N.S. nursing regulator to speed up process to accept applicants from seven countries
HALIFAX — Nova Scotia’s nursing regulator is reducing the timeline for nurses from other provinces and seven foreign countries to be licensed to practise in the province.
The Nova Scotia College of Nursing says nurses of "good standing and good character" from the Philippines, India, Nigeria, the United States, United Kingdom, Australia and New Zealand will only have to pass the entrance exam in order to start practising in the province.
In a news release Thursday, the college said it expects its new policies will reduce the time period for licensing from about one year to a "few weeks" for the foreign nurses.
In addition, the college says nurses from other provinces will be eligible to be licensed in Nova Scotia in 24 hours, rather than a prior system that required about five days.
The changes creating the streamlined registration processes for Canadian nurses are effective March 29, while the changes for international nurses take effect on May 1.
The seven countries eligible under the new system currently provide almost nine out of 10 international applicants for nursing positions in Nova Scotia, with almost half of the applicants coming from the Philippines and a quarter from India.
The college registered and licensed 282 international nurses as licensed practical nurses, registered nurses or nurse practitioners last year.
Sue Smith, the registrar of the Nova Scotia College of Nursing, says the regulatory changes are the first of their kind in Canada and they are expected to help address the nursing shortages.
Janet Hazelton, president of the Nova Scotia Nurses' Union, said in an interview Thursday that the changes are needed as part of a wider strategy to find nurses to fill approximately 1,500 vacant positions in Nova Scotia Health and the IWK Health Centre.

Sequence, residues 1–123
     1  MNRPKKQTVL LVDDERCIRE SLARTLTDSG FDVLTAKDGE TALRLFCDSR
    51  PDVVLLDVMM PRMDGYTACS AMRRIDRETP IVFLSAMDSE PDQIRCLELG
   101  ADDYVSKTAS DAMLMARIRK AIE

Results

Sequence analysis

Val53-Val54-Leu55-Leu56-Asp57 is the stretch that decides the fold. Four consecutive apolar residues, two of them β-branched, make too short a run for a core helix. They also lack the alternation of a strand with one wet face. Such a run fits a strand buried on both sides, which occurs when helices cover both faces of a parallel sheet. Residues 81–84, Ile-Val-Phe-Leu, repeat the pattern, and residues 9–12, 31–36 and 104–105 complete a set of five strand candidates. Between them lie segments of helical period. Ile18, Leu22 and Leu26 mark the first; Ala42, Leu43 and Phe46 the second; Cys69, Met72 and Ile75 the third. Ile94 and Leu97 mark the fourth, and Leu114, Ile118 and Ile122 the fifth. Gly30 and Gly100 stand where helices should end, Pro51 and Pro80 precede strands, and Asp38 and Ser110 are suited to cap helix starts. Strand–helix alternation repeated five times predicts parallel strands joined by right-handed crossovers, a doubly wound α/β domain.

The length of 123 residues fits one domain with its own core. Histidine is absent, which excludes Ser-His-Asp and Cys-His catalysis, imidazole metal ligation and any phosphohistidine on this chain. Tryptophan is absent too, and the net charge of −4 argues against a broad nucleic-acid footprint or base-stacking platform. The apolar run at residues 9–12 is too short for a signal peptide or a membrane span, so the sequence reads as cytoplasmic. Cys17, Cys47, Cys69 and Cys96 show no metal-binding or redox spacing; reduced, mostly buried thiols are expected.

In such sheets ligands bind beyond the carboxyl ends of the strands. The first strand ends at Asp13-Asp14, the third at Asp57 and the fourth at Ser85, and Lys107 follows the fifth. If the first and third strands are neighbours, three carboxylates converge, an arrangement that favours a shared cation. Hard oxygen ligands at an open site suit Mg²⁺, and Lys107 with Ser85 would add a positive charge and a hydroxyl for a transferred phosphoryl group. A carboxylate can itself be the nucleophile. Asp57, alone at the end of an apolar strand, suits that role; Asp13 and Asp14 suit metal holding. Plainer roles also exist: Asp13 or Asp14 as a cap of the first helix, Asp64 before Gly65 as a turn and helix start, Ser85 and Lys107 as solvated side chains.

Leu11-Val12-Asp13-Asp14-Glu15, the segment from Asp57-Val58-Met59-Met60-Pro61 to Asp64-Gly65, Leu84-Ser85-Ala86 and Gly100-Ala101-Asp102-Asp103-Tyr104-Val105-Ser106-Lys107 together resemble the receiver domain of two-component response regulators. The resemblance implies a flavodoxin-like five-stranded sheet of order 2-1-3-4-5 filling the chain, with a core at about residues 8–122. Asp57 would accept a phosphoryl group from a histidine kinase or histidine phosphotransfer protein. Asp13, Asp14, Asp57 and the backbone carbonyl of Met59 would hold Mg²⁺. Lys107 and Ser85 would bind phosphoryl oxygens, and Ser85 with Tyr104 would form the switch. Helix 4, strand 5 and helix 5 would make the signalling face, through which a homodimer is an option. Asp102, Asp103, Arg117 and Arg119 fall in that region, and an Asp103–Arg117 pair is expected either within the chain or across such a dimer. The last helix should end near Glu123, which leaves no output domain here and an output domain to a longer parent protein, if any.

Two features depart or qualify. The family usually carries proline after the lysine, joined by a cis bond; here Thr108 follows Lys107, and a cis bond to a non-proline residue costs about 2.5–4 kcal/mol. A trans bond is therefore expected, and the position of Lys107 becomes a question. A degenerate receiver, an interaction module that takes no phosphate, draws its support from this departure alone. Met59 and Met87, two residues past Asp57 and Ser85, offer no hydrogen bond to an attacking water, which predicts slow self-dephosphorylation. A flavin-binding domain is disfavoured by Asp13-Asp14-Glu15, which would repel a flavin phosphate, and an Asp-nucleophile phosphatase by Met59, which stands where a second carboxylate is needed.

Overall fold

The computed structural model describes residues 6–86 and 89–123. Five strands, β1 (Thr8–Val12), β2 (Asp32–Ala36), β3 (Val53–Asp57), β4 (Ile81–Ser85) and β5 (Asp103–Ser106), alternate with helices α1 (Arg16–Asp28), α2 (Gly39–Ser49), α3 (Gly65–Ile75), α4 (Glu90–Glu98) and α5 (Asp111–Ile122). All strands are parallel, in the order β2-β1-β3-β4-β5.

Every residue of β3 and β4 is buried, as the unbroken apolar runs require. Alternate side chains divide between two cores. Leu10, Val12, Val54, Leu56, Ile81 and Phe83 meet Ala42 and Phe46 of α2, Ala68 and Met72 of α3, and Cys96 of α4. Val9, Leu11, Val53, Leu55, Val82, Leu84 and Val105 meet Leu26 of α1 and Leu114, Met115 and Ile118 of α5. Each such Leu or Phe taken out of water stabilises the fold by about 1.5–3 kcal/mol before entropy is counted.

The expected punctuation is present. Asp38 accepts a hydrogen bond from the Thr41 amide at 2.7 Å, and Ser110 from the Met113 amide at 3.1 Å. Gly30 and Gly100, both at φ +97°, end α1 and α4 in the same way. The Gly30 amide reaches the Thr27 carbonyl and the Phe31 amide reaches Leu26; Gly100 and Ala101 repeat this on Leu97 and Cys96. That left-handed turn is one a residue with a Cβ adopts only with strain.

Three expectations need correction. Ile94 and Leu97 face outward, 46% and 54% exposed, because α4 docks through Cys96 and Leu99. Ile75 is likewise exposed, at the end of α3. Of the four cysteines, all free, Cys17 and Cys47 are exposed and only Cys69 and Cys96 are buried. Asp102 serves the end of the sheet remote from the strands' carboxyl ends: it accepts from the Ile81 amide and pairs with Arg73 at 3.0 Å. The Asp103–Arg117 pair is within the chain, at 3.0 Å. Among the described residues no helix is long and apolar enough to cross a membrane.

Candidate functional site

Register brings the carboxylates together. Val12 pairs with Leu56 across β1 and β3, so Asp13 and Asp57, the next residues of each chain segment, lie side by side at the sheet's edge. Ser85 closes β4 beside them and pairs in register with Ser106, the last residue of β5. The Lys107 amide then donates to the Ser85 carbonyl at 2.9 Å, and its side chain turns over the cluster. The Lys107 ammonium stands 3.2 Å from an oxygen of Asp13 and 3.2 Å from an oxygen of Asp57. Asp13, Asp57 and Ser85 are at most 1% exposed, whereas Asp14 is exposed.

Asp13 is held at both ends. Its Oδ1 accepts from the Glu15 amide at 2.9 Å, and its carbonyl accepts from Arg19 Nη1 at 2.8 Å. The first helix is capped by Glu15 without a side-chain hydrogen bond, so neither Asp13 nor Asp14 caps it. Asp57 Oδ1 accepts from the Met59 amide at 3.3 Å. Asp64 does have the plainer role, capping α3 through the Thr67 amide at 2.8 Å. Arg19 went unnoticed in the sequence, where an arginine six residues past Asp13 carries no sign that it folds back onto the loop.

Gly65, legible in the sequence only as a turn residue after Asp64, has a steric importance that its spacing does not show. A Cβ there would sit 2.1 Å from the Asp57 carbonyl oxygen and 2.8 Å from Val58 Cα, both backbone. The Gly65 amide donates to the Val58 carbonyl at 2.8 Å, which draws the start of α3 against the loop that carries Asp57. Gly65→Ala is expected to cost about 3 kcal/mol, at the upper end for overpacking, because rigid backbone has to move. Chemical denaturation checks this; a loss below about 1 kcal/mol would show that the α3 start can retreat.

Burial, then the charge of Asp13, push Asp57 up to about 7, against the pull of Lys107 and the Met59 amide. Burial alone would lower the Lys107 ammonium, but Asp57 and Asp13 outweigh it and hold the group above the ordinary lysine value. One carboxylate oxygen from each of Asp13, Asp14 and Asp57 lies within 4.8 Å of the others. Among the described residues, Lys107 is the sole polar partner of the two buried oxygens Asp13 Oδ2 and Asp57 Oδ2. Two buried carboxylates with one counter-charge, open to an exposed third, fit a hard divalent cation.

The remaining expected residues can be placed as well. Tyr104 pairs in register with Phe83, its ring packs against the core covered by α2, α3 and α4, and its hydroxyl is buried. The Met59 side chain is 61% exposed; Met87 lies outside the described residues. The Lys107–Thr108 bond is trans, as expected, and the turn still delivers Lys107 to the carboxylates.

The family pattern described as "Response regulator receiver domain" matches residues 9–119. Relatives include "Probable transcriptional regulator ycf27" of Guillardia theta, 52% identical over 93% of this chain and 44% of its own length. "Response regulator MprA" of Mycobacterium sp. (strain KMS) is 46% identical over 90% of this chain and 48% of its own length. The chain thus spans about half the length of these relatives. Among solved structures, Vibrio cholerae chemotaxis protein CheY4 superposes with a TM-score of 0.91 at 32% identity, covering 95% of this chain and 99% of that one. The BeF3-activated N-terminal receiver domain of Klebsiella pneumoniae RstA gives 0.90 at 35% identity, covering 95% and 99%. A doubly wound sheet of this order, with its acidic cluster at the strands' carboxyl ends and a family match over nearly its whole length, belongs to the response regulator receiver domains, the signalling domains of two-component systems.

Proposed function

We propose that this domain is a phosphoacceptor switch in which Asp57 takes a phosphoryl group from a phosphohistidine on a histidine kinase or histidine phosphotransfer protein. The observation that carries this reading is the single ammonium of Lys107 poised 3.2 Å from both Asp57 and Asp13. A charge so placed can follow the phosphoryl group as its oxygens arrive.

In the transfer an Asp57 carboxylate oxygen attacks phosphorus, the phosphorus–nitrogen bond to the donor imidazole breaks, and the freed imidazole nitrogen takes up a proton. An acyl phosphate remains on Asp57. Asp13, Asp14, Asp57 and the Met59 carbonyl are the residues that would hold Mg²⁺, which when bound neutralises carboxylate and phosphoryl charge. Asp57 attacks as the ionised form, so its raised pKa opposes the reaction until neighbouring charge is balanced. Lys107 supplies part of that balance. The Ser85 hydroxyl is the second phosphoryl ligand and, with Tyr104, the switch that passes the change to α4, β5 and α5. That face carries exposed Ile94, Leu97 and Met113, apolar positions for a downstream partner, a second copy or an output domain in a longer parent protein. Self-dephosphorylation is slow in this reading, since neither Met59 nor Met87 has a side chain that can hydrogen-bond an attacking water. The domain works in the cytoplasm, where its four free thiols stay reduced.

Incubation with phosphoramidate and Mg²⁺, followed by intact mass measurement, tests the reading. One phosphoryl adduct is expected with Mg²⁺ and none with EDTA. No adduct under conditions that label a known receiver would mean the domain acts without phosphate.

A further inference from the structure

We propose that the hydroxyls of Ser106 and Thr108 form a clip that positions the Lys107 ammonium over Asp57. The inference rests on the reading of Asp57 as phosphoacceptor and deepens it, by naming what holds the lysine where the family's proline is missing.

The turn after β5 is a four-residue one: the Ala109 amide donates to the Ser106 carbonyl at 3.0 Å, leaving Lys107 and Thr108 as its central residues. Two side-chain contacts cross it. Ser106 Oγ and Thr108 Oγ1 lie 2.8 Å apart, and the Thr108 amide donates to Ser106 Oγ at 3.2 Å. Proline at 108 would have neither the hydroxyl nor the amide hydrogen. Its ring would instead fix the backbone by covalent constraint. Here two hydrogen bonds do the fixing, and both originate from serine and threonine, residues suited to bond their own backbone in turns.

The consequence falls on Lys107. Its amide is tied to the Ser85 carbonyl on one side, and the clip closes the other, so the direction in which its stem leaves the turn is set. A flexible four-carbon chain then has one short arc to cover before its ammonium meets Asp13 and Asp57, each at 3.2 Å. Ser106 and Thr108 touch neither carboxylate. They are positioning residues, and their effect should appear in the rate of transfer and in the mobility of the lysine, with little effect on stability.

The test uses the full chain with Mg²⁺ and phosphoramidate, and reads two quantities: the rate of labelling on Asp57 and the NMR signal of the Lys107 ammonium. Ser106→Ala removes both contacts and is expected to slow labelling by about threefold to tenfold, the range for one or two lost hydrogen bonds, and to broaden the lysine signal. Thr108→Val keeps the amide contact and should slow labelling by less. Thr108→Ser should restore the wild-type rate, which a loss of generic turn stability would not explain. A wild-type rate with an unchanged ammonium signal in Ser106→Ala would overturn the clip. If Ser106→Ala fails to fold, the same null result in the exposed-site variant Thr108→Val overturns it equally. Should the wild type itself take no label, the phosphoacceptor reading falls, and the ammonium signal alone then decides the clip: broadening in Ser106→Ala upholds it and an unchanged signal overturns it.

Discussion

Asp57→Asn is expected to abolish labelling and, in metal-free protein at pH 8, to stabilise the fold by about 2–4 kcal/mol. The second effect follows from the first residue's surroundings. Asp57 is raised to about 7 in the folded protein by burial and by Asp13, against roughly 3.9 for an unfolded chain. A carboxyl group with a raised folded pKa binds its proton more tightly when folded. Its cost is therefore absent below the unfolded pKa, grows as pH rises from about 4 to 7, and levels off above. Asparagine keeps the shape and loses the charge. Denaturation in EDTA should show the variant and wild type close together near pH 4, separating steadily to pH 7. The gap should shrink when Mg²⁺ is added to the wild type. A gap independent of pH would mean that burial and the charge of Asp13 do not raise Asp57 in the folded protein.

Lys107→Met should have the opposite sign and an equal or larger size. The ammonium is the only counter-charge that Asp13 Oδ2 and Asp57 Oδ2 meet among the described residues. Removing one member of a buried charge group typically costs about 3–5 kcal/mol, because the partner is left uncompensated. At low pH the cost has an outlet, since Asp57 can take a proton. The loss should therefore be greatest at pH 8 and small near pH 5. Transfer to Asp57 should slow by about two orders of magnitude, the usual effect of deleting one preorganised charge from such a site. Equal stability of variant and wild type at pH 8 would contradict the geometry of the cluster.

The union leader said the existing university programs aren't able to produce enough graduates to make up for those leaving the profession.
She said she often hears stories of internationally educated health-care workers who are working in the service industry or driving a taxi in Nova Scotia due to the long delays in achieving certification.
"If they're here and they want to work in the system, then the system needs to make it possible. Until now, it's been very cumbersome and time-consuming for everybody," Hazelton said.
"I think it's great and it's going to help recruit to Nova Scotia. When workers look and see it will take months to get a licence in Ontario and just weeks in Nova Scotia, hopefully the decision will be that they're going to go to Nova Scotia," she said.
However, Hazelton noted the recruiting of overseas workers is just part of the overall solution to the staffing shortfalls. She said it's crucial to improve working conditions for existing nurses, ensuring they have reasonable workloads and are able to take their vacations.
"You can bring all the nurses you want from wherever, but if you can't keep the nurses you have, then all of this will be for nothing," she said.
This report by The Canadian Press was first published March 16, 2023.
Michael Tutton, The Canadian Press